A note on UC Berkeley CS194 course, Spring 2007

If you have a passion for working in a team to build real software that connects to cutting-edge research and SW engineering tools, this class should be a fun ride. If you don’t want to spend a lot of time hacking, or you’ll be really busy with other classes, it may be a bad fit.

    1. “Class” and “Homework”: There will be no lectures, but we’ll hold one weekly planning meeting, and at least 2 more short status meetings (“scrums”, 20 minutes or so). The work for the lab will mostly be coding, and I will expect you to commit to doing your coding on a pretty regular schedule that ensures that people spend time together physically, at least doing pair programming, ideally sitting together in bigger groups on a regular basis. We can adjust that schedule as a group to work around people’s other commitments, but it will need to be a regular schedule once we settle on it.
    2. The Project: The intent of the lab is to (a) provide a very hands-on programming experience, and (b) work together to build some exciting open-source software we can be proud of. The specific goal will be to kickstart Public Health for the Internet (PHI), a peer-to-peer community watch tool for Internet security and performance. I wrote a “vision” paper on the topic you can look at if you want. But beware: that paper is targeted at an audience of researchers, to put forward the idea that this is challenging. By contrast, we’ll be trying to build very practical things to generate a community of users who will want easy-to-use, attractive software. I.e. we’ll hopefully be seeding the ground for this big vision with a set of attractive, working software.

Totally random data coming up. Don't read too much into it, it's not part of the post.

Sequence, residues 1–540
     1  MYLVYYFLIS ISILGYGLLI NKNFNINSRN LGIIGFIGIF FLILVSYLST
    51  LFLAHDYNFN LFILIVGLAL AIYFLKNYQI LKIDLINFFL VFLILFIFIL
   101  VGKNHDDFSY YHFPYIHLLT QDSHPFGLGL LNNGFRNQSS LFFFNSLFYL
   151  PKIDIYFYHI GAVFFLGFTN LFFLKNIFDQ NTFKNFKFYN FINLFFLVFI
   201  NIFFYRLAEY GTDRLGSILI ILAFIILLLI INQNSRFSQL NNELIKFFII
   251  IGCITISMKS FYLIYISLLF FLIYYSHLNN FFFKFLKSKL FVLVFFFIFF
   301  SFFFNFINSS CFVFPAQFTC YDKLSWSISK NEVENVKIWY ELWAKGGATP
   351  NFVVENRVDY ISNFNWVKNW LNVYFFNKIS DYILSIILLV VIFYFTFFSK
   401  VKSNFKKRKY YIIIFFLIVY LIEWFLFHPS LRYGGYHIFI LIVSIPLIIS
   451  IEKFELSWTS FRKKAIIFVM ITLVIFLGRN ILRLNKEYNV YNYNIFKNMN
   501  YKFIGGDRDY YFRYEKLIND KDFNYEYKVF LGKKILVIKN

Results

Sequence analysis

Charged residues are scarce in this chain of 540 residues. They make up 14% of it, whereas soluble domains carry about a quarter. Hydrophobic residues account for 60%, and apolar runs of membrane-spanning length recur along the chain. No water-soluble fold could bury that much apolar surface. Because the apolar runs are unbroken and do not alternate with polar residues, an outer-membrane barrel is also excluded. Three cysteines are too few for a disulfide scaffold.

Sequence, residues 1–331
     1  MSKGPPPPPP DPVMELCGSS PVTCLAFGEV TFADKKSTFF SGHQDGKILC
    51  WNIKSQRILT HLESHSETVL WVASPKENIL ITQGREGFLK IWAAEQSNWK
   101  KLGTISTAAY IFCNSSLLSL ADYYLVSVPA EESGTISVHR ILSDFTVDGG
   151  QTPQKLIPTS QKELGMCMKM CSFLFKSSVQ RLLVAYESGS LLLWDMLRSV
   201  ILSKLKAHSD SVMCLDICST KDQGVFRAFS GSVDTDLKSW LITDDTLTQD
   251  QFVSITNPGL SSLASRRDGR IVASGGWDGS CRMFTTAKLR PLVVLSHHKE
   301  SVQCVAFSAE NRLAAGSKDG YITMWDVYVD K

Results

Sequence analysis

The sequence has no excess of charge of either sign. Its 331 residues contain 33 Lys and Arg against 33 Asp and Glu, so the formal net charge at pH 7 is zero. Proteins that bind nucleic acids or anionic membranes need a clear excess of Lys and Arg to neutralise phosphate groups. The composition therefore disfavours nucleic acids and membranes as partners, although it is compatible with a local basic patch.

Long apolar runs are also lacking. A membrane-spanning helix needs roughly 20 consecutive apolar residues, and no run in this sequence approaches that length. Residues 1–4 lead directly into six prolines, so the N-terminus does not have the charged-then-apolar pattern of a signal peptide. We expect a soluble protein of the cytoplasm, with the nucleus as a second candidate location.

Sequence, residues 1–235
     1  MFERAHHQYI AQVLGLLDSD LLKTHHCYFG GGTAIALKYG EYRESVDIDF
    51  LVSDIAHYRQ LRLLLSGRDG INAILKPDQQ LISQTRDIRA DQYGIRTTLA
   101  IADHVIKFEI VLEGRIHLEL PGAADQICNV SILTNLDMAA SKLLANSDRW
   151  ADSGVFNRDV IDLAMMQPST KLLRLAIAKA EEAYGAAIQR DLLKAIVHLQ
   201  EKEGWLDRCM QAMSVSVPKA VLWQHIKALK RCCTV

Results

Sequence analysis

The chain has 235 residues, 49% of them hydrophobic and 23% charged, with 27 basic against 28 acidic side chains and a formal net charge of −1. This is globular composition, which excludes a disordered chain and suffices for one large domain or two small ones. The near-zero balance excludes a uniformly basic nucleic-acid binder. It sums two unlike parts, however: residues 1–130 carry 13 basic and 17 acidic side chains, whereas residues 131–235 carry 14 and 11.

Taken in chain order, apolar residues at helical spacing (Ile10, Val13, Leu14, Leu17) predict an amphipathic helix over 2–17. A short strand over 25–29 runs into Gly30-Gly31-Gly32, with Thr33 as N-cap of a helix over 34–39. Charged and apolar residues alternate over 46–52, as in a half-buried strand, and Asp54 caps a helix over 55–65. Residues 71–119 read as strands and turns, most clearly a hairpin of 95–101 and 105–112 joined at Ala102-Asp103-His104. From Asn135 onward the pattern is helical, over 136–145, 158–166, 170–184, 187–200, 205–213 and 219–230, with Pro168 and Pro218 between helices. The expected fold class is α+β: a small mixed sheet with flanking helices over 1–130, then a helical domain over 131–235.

3. Platforms: The guts of the peer-to-peer communication and data analysis system will be built with our P2 research system, but we’ll also need to build things like AJAX-based web interfaces, Yahoo! Widgets, mashups, firewall log sniffers, spam filter sniffers, one-touch installers, auto-updaters, and undoubtedly more. We’ll use whatever open-source platforms make sense, to quickly prototype something real. Part of the experience will be to absorb these new platforms and tools.
    4. BOOK: The book I’m recommending is called “Practices of an Agile Developer” by Subramaniam and Hunt. You can order it from Cody’s or another local bookstore. It’s a light read, but sets the tone well for what we’ll be doing.

PS: Yes, I’ll be sitting with the team, coding too. I am a believer in the idea that architects should be coders.